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Mazzola v. Americhoice of New Jersey, Inc.

United States District Court, Third Circuit

November 12, 2013

CATHERINE MAZZOLA, M.D., and NEW JERSEY PEDIATRIC NEUROSURGICAL ASSOCIATES, LLC, Plaintiffs,
v.
AMERICHOICE OF NEW JERSEY, INC. d/b/a UNITED HEALTHCARE COMMUNITY PLAN IN NEW JERSEY, et al., Defendants.

REPORT AND RECOMMENDATION

MARK FALK, Magistrate Judge.

Before the Court is Plaintiffs' motion to amend the Complaint and to remand to state court. (CM/ECF. No. 9.) The motion is opposed. No argument was heard. Fed.R.Civ.P. 78(b). For the reasons that follow, it is respectfully recommended that Plaintiffs' motion be granted.

BACKGROUND

Plaintiff Catherine Mazzola, M.D. ("Dr. Mazzola") is a board certified pediatric neurosurgeon in the State of New Jersey. (Compl. ¶ 1.) Plaintiff New Jersey Pediatric Neurosurgical Associates, LLC is the entity through which Dr. Mazzola provides neurosurgical professional services (collectively "Plaintiffs"). (Id.) Defendant AmeriChoice of New Jersey[1] ("AmeriChoice" or "Defendant") is a Medicaid Managed Care Organization ("MCO"). (Compl. ¶ 19.) Plaintiffs are not part of the AmeriChoice network of medical providers. (Compl. ¶ 16.) Dr. Mazzola performed emergent and referral based brain surgeries on eight patients, all of whom were AmeriChoice enrollees. (Plaintiffs' Brief ("Pl.'s Br.") 1.) Plaintiffs billed AmeriChoice $578, 101.16 for these procedures, of which AmeriChoice paid $6, 642.35. (Compl. ¶ 9; Am. Comp. ¶¶ 2-3.)

On December 6, 2012, Plaintiffs filed a six-count Complaint in state court seeking additional payment by AmeriChoice for the emergency services rendered. Count One asserts a federal law cause of action arising under Title XIX of the Social Security Act, 42 U.S.C. 1396, et seq . ("Medicaid Act"). (Compl. ¶¶ 60-69.) Counts Two through Six contain claims based upon state statutes and regulations governing state-contracted managed care organizations, as well as common law claims for estoppel, unjust enrichment and quantum meruit. (Pl.'s Br. 1; Compl. ¶¶ 70-109.)

AmeriChoice removed the case on January 22, 2013, arguing that this Court has subject matter jurisdiction pursuant to 28 U.S.C. § 1331 based on Plaintiffs' federal law claim. Contending that Plaintiffs' federal and state law claims are based on the same set of operative facts-specifically, that AmeriChoice, as an MCO, owes Plaintiffs additional sums for the medical services rendered-Defendant also maintained that this Court should exercise supplemental jurisdiction over Plaintiffs' state law claims.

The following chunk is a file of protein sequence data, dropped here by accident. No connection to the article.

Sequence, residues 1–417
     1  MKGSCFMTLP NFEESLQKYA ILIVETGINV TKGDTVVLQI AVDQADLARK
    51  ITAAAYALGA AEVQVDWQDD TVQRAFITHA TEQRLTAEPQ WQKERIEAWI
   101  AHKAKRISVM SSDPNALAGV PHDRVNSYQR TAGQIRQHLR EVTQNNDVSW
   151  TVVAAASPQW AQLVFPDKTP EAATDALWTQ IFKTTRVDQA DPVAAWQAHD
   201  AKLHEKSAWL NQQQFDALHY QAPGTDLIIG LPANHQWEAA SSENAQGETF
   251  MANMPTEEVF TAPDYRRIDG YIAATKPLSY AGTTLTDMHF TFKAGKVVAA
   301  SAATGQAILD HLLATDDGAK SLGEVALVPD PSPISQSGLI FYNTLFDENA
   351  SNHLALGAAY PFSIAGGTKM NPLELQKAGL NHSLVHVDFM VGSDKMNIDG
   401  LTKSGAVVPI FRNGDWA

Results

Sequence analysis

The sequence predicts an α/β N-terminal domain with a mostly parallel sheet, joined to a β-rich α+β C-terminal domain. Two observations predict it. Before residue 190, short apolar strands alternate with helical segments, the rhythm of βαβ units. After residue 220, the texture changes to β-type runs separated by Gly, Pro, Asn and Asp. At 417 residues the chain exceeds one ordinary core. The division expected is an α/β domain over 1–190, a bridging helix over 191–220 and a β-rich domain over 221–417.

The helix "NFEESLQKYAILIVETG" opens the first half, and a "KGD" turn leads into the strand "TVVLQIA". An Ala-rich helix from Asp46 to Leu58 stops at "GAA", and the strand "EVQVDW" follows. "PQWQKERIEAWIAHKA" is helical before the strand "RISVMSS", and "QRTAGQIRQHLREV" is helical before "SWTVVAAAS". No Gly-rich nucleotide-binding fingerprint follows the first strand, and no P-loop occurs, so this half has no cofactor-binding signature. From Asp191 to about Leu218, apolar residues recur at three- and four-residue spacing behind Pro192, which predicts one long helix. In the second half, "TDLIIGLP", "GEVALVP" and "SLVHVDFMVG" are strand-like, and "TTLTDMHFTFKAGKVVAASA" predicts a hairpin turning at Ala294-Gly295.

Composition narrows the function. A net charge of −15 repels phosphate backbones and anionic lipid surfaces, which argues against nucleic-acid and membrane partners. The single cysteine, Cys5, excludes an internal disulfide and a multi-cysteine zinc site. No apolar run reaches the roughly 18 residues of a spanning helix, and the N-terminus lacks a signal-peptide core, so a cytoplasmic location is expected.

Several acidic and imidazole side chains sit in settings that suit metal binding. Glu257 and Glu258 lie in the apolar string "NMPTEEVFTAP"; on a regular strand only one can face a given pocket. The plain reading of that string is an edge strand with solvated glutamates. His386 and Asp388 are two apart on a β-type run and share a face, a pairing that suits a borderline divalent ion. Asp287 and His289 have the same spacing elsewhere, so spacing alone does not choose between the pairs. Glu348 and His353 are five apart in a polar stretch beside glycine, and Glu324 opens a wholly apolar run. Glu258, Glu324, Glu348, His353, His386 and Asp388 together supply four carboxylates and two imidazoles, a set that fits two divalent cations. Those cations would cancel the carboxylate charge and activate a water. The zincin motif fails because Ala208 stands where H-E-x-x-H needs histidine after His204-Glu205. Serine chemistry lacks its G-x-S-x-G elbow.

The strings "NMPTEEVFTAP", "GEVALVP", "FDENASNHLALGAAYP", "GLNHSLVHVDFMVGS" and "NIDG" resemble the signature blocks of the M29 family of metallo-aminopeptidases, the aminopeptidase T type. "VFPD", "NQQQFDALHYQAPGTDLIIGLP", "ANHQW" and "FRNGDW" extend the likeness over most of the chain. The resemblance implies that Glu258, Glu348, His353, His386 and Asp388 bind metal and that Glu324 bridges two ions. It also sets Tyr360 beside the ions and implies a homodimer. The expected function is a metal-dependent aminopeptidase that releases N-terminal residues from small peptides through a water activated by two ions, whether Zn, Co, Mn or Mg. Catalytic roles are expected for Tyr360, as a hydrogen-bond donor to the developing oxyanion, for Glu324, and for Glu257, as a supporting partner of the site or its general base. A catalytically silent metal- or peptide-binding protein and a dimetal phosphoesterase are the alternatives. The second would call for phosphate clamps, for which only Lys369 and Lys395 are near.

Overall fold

On January 28, 2013, Plaintiffs filed a motion to remand Counts Two through Six (the state law claims) to state court.[2] (CM/ECF. No. 4.) Defendant filed an Answer on February 13, 2013. (CM/ECF No. 5.) On August 7, 2013, the Court denied Plaintiffs' motion to remand without prejudice.[3] (CM/ECF. No. 8.) On August 16, 2013, Plaintiffs filed the instant motion seeking to amend the Complaint to dismiss Count One (the sole federal claim) and to remand Counts Two through Six pursuant to § 1441(c).[4] Plaintiffs argue that once the federal claim is dismissed, the Court should decline to exercise supplemental jurisdiction over the remaining state law claims and the case should be remanded. Defendant opposes the motion contending that Plaintiffs' motive for dismissing the claim is forum manipulation. Defendant also argues that the Court has supplemental jurisdiction over the state law claims because they arise out of the same set of operative facts as the federal claim.

DISCUSSION

A. Motion to Amend the Complaint

Motions to amend pleadings are governed by Federal Rule of Civil Procedure 15(a). Once a responsive pleading has been filed, "a party may amend its pleadings only with the opposing party's written consent or the court's leave." Fed.R.Civ.P. 15(a)(2). Leave to amend is generally granted unless there is: (1) undue delay or prejudice; (2) bad faith; (3) dilatory motive; (4) failure to cure deficiencies through previous amendment; or (5) futility. The ultimate decision to grant or deny leave to amend is a matter committed to the Court's sound discretion. See, e.g., Zenith Radio Corp. v. Hazeltine Reseach, Inc. , 401 U.S. 321, 330 (1970).